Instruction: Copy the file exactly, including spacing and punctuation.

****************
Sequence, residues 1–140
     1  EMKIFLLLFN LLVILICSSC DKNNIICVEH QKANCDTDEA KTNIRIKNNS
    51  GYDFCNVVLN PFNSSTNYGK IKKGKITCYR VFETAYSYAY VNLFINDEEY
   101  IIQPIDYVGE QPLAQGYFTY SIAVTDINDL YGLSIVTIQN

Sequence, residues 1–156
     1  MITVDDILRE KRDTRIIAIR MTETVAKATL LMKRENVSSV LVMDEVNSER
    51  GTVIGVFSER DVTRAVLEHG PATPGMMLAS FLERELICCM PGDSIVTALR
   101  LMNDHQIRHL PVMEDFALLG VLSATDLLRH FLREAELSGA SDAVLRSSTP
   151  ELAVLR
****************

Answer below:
Sequence, residues 1–140
     1  EMKIFLLLFN LLVILICSSC DKNNIICVEH QKANCDTDEA KTNIRIKNNS
    51  GYDFCNVVLN PFNSSTNYGK IKKGKITCYR VFETAYSYAY VNLFINDEEY
   101  IIQPIDYVGE QPLAQGYFTY SIAVTDINDL YGLSIVTIQN

Sequence, residues 1–156
     1  MITVDDILRE KRDTRIIAIR MTETVAKATL LMKRENVSSV LVMDEVNSER
    51  GTVIGVFSER DVTRAVLEHG PATPGMMLAS FLERELICCM PGDSIVTALR
   101  LMNDHQIRHL PVMEDFALLG VLSATDLLRH FLREAELSGA SDAVLRSSTP
   151  ELAVLR